Friday, 27 July 2012
Not Of This Earth
Earth Every Penny
Not Of This Earth
Directed by Roger Corman
Shout Factory Region 2
Warning: A few mild spoilers here
if you are worried about such things.
The end of an evening for a young couple as a girl is driven to the edge of the park where she lives. Her boyfriend wants to take her to her door but she protests, wanting to do the last bit through the park on her own in case her dad sees them. So the boy drives off and she walks through the park only to be confronted by a large man with a typical 50s “man in black” UFO image... wearing the suit, a trilby, dark glasses and carrying a briefcase. The man takes off his sunglasses as the girl screams and, as we find out later, the man burns her eyes out with his thoughts and turns her brain all gooey. He gets down beside her, opens his briefcase, taps one of her veins with a needle/tube and starts filling the four vials inside with the girls blood. Is this man a vampire? A vampire from space, perhaps?
One thing's for sure, he’s... Not Of This Earth!
And then the opening credits roll and... well actually I really enjoyed this less than stellar slice of 50s sci-fi. I was looking forward to something really quite bad, to be honest, considering that Corman directed this little piece of space vampirism in the same year that he directed his amazing, has-to-be-seen-to-be-believed Attack Of The Crab Monsters (see review here). To be fair, it is quite bad but the story concept is quite respectable, 1950s sci-fi novel fodder (and therefore early 21st Century movie fodder, mark my words) and the movie is a lot more competent than what you would expect if you’ve seen that other movie.
After using what I can only call his special “eye-powers” to thought control a doctor, Mr. Johnson, the big, dark glasses wearing guy from the opening sequence, has a new long-term guest in his house in the form of the doctor’s young nurse, who has been sent to give Mr. Johnson his vital daily blood transfusion. Fortunately for the audience, Nadine the nurse is played by Beverly Garland, who is a typical 50s B-movie honey, which means she’s not hard to look at, and who I last saw in The Alligator People (reviewed here). When she gets there, she finds a few things about “Mr. Johnson” a little odd... like his surprise that she doesn’t want to be locked in her room overnight, which to him means she has a secure environment. Or why he hires a petty criminal as his personal assistant. And where do all his dinner guests, like the three homeless men he invited to dinner, suddenly disappear to?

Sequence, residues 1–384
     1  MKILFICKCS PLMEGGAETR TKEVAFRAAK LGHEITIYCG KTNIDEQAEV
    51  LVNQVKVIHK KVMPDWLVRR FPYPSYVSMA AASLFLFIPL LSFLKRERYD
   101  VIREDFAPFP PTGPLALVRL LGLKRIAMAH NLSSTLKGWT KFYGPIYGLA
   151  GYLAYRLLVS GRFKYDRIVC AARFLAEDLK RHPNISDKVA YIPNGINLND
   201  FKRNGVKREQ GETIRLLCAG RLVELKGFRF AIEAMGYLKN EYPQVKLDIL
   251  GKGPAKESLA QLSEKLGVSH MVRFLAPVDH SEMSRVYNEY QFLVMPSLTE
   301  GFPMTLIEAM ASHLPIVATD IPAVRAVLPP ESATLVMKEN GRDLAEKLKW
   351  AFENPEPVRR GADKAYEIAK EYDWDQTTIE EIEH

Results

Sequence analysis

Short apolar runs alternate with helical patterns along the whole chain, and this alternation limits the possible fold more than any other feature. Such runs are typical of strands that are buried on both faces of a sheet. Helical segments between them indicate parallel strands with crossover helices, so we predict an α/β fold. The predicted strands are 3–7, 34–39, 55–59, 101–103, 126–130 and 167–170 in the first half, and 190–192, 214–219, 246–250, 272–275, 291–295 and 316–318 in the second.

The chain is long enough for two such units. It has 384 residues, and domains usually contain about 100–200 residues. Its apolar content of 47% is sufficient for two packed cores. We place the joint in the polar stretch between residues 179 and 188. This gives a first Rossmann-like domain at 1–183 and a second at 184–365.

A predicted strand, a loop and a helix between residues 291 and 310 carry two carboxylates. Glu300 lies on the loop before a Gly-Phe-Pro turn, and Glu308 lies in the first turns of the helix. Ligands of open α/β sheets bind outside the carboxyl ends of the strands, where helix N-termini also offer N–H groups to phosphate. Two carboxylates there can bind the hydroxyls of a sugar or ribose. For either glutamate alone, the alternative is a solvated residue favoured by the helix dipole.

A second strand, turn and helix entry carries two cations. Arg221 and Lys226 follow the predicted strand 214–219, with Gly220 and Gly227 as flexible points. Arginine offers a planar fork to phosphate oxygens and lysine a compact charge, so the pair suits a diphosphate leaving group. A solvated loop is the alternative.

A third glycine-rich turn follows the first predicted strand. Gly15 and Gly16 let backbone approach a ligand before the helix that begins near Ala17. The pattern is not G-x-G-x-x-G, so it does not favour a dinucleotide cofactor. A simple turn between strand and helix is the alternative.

When her boss doesn’t want to discuss certain details of her new patient, it’s down to her, her petty criminal co-worker and her policeman boyfriend to solve the mystery. When it turns out the mystery is killing humans for blood and sending it through matter transport beam to a planet dying from a nuclear war, with plans to subjugate the earth... things seem to be taking a turn for the worse. But things are going bad for “Mr. Johnson” too when a fellow alien lady (with characteristic dark glasses) comes to earth through his basement communication beam and tells him she escaped his dying world. Like him, she needs regular blood transfusions so he breaks into the doctor’s office with her to dose her up... not realising he’s accidentally got the “rabid dog blood” by mistake... I promise I’m not making this up. Chases and sequences of suspenseful B-movie terror ensue.
Yeah, okay, it does sound kinda bad and, truth be told, it’s not the most sophisticated B-movie I’ve seen... but this pulled a lot less clunkers than I was expecting and I could see someone like a very young Philip K. Dick getting into similar kind of territory in his short stories and early novels. The direction and cinematography seems a lot more palatable than the same director’s aforementioned Attack Of The Crab Monsters too and Ronald Stein provides another “broad strokes” sci-fi/horror score which ably supports the on-screen action. And when I say ably supports, I mean over-the-top as hell but, then, that is the perfect musical complement to this kind of movie.
The ending of the movie, too, was something I found pleasing on the eye (as corny as it is) and I have to say I was much more satisfied by this ending than I have been by a lot of other movies of this ilk. Although, the movie did miss a trick after the alien lady was infected by “rabid canine plasma” where they had her just dying rather than have her foaming at the mouth and tearing the sleepy town of Dullsville USA apart in a weird alien rampage. Maybe the budget was as non-existent as a lot of Corman’s other features at the time. I’ve just found out, though, that it was remade twice more over the years... one version even starred the notorious Traci Lords... so maybe the budgetary constraints were lifted a little on the later versions (probably not, but I’m going to do my best to track these versions down). Maybe they even have a rabid, alien, dog-crazy attack in them... who knows?
If you’re looking for a sophisticated entertainment to challenge your brain for an hour or so then stay away from this one at all costs, you won’t find that kind of stimulation in this movie. If, however, black and white 50s sci-fi movies with “white contact lenses standing in for insidious alien eyes that will burn your brain right out of your head” are the kinds of movies you enjoy... then you’ll probably get a kick out of watching this movie. It’s not as awesome as the sheer rubbishness of Attack Of The Crab Monsters... but the dialogue does weave a certain charm which will take you back to more innocent times. Enjoy.